WRITING LIFE: Over in a Flash by Kristen Paulson-Nguyen

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“Thank you for coming,” I said to the director’s black cat, Loba, the only creature who had showed up for my micro-flash fiction class on Zoom. Loba passed in front of the camera a final time, blocking the writing contest director’s face. I waved to the director, then pressed the red “Leave” button.

Getting ready earlier in the morning, I’d washed my hair and even put on pink lipstick and navy eyeliner. Mascara, undereye concealer. I’d selected patterned hoop earrings to combat the gray clouds outside. At noon, the class start time, the director and I faced each other on Zoom and smiled. Minutes stretched.

“When should we call it?” I said.

“We’ll give it fifteen minutes.”

“Ok.” We waited for other faces to appear. We chatted about our lives, writing and otherwise, until 12:15.

I’d planned to fill the hour between noon and one teaching my first writing class. I’d been a class guest at my daughter’s school for magazine week, in GrubStreet classes, and at Brandeis University. I had prepared prompts and submission tips for my first teaching gig.

Now I felt a mixture of silly, embarrassed, and relieved. How to ground myself in this shaky new territory? It was lunch time. I’d walk my daughter’s bichpoo puppy, Hudson, and get lunch. Hudson, who weighed just ten pounds and had poodle curls, pulled me forward like a husky running the Iditarod. When we reached the corner of Centre and Prince streets, he strained toward the Arnold Arboretum. I pulled him back on to the path I wanted. My writing life was like this. My love of writing pulled me forward, and I followed behind, each step new. I tried to give myself plenty of slack—self-acceptance. I started my literary life at 49, and at 54, I’m thrilled to experience other firsts: first time presenting at a writing conference (HippoCamp, on August 15);  first time submitting a proposal to AWP (June); and first time producing an event for the Boston Book Festival’s Lit Crawl (June). Each first followed a pattern: initial euphoria; terror I’ll fail; anxious anticipation; then relief, excitement, and a burst of confidence when I pull it off.

The opportunity to teach the class had come about when my story won honorable mention in the 2020 Boston in 100 Words contest. The director asked me to appear as part of an online panel to give writing tips to those submitting to the 2021 contest. One of the 2021 judges happened to be a mentor and former teacher of mine. With her support, I proposed three free classes. The director loved the idea. I prepared a plan and promoted the class on social media. As the date of the first class neared, I created a PowerPoint presentation. The director, a former university instructor, and my mentor offered feedback. I revised, as writers do.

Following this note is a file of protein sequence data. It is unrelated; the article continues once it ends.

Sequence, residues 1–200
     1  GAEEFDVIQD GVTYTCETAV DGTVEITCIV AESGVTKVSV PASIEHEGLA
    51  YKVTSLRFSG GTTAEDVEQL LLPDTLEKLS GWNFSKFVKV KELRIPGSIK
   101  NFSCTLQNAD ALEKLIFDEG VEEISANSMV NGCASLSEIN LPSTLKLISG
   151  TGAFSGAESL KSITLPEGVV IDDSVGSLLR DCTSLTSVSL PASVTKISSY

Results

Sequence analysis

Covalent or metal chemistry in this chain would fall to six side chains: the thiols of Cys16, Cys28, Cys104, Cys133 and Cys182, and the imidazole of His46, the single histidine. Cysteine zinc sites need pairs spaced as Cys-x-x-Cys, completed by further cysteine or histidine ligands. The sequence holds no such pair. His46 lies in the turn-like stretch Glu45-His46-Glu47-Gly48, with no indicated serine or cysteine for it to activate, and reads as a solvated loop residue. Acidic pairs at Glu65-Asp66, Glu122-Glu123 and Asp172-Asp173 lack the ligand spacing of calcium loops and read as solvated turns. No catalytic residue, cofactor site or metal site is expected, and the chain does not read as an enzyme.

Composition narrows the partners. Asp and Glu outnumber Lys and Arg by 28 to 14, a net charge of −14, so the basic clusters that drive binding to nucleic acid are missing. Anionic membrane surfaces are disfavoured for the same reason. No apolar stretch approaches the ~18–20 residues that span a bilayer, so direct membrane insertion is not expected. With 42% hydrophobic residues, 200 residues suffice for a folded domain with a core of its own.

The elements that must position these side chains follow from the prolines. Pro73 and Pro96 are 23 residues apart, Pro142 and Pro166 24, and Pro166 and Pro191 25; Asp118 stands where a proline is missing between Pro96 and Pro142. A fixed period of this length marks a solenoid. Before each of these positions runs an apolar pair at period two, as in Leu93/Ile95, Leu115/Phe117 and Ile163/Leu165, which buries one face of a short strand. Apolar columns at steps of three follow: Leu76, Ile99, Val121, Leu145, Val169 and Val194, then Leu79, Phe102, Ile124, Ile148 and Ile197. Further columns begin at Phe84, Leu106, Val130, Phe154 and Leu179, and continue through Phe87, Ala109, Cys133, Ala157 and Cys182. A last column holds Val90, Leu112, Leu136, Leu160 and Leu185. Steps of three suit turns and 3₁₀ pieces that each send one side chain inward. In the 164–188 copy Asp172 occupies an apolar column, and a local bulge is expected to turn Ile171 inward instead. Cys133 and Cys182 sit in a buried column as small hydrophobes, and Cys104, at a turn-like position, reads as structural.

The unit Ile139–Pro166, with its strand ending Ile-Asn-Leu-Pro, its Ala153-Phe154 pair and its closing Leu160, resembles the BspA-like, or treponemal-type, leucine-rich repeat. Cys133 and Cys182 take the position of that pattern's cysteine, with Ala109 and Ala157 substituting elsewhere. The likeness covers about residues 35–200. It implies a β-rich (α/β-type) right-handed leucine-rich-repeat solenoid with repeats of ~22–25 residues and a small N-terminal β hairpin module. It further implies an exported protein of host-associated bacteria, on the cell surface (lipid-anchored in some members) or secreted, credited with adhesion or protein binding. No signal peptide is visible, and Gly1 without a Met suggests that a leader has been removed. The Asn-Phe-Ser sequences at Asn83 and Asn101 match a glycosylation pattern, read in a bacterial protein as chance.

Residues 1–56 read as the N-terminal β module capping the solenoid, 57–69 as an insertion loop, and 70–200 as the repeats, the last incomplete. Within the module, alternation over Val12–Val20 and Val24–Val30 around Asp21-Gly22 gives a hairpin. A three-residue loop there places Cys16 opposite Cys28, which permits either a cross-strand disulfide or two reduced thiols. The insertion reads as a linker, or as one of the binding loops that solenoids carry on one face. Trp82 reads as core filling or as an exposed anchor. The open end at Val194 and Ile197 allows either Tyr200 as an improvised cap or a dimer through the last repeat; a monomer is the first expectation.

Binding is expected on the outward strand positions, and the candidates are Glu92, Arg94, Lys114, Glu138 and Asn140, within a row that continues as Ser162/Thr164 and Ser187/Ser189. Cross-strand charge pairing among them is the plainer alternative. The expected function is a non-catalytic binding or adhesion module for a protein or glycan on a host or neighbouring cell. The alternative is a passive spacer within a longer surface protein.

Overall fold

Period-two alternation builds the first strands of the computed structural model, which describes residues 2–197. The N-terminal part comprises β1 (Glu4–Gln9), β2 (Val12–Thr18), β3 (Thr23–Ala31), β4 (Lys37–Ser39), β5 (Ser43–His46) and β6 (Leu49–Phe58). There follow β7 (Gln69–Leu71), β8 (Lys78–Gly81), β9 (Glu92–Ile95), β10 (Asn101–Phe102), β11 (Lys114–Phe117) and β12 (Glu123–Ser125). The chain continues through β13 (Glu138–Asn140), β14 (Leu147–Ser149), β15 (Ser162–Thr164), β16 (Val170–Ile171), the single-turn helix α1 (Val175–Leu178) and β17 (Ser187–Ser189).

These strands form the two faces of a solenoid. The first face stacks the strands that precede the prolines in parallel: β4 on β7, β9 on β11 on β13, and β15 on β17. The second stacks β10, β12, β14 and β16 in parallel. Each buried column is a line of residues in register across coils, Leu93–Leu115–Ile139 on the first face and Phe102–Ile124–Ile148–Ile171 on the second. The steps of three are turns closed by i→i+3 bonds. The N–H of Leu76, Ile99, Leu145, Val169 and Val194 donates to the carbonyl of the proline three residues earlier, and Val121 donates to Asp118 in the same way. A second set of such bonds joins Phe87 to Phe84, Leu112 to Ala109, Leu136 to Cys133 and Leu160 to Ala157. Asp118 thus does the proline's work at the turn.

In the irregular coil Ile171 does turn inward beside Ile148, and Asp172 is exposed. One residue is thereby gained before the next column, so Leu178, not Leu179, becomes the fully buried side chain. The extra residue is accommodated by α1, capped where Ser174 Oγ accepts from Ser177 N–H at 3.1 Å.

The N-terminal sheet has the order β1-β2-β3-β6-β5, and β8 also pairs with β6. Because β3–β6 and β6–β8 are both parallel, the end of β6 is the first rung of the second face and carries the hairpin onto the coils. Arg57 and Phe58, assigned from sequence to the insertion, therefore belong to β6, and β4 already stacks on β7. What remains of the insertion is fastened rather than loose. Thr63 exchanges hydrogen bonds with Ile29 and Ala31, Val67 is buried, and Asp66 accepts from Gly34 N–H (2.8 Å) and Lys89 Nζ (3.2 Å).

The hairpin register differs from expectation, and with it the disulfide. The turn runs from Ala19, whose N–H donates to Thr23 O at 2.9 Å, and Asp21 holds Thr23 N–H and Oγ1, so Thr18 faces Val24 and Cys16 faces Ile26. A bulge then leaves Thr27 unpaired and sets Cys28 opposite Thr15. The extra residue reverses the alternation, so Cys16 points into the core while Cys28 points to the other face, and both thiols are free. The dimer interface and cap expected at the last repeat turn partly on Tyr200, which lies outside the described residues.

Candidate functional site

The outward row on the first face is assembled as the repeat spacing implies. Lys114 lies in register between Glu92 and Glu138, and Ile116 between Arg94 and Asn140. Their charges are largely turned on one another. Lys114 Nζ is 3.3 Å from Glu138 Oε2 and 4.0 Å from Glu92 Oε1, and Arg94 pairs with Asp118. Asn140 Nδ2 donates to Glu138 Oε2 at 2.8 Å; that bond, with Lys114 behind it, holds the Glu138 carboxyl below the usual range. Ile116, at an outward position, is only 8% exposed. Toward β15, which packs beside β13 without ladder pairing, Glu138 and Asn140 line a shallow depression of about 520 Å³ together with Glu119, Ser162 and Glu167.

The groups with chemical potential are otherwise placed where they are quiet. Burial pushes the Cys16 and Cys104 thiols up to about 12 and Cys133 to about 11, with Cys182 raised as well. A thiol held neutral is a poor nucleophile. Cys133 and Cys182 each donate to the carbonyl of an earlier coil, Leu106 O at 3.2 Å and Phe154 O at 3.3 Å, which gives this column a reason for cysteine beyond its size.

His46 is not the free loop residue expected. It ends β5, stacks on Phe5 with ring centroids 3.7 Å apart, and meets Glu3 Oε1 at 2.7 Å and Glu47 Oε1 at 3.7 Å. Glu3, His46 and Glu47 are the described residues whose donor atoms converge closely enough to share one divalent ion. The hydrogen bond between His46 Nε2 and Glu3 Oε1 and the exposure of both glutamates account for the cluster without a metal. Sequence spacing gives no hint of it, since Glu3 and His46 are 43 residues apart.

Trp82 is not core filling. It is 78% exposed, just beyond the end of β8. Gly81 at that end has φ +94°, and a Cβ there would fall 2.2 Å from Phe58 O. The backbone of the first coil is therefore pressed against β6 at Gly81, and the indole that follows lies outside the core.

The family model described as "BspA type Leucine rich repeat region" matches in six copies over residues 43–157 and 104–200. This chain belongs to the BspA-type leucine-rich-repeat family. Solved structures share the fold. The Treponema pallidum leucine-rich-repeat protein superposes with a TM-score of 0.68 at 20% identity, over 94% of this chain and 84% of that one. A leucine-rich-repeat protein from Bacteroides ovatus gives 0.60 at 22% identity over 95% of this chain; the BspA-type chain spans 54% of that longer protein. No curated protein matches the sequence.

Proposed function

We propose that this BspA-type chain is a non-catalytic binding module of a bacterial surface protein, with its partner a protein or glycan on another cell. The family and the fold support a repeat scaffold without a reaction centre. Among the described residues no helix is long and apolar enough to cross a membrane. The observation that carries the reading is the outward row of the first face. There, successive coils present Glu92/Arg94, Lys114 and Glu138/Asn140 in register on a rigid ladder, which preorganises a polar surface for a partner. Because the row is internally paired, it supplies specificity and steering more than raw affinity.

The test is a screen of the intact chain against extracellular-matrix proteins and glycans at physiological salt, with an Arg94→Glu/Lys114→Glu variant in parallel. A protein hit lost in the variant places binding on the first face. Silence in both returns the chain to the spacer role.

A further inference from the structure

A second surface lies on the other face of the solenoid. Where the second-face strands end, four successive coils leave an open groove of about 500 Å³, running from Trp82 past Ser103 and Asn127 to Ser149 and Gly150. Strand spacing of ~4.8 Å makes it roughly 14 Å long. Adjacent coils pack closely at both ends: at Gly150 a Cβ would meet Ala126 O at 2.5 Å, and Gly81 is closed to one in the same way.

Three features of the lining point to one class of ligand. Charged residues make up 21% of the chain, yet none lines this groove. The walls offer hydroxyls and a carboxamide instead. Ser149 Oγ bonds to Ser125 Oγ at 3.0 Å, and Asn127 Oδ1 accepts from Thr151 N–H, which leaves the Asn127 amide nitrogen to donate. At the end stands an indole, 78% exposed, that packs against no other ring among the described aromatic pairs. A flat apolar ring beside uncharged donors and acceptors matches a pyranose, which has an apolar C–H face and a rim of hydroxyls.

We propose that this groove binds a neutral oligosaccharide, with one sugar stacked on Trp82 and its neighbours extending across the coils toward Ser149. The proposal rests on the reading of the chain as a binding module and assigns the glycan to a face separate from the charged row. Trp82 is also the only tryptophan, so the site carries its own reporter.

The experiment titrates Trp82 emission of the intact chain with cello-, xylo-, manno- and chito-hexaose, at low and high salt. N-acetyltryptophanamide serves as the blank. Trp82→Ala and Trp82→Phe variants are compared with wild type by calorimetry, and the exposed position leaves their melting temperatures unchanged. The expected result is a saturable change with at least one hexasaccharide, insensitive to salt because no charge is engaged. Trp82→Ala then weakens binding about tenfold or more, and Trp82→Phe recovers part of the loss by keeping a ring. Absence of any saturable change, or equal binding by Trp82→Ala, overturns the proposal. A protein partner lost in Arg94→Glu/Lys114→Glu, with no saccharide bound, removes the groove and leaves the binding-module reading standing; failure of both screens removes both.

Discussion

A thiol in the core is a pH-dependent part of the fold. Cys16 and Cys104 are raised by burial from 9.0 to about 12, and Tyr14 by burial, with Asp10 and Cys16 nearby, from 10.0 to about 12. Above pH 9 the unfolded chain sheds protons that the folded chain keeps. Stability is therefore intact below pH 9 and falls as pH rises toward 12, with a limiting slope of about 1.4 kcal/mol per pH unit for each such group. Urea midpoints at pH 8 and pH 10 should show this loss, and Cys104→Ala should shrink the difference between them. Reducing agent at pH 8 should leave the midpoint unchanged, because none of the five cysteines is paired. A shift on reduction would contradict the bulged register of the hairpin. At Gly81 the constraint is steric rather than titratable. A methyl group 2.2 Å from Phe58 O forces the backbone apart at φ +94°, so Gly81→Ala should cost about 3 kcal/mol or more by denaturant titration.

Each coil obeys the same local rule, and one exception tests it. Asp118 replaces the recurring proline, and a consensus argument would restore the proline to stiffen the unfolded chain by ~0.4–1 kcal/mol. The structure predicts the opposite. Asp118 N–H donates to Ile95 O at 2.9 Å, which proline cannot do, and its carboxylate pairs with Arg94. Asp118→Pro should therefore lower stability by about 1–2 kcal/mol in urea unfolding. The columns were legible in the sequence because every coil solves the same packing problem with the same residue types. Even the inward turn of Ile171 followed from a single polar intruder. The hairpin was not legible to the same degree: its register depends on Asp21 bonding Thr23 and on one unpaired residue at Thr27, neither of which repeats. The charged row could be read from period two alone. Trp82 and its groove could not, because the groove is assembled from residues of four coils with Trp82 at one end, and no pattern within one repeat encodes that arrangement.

After I’d circled the block with Hudson I picked up a chopped salad and went home. I texted my mentor. “Nobody showed up!” I added both laughing and wide-eyed emojis.

“I’m sorry. It’s all part of it. Doesn’t have anything to do with you.”

“Thank you for the reminder.” I added a blowing-a-kiss emoji.

The director and I made plans to step up our promotion of the next class. I felt embarrassed, a bit depressed, but also grateful. I had the support of a mentor; the courage to ask for help; the ability to persevere; and the opportunity to try again. There was something else I was able to do. I went downstairs, where my husband and daughter lounged, and opened my PowerPoint. “Hi everyone,” I said. “Today we’re going to write flash fiction together.”


Kristen Paulson-Nguyen has been the Writing Life Editor at Hippocampus Magazine since 2019. Kristen’s work has appeared in the New York Times, Creative Nonfiction, The Boston Globe, and BREVITY’s Nonfiction Blog, among other publications. Her micro-essay “Neighbors” won an award in 2020 from the first Boston in 100 Words contest (Pictured on the left is the contest director, Jane De León Griffin.) She can’t wait to speak at HippoCamp 2021. You can find her on Twitter @kpnwriter.

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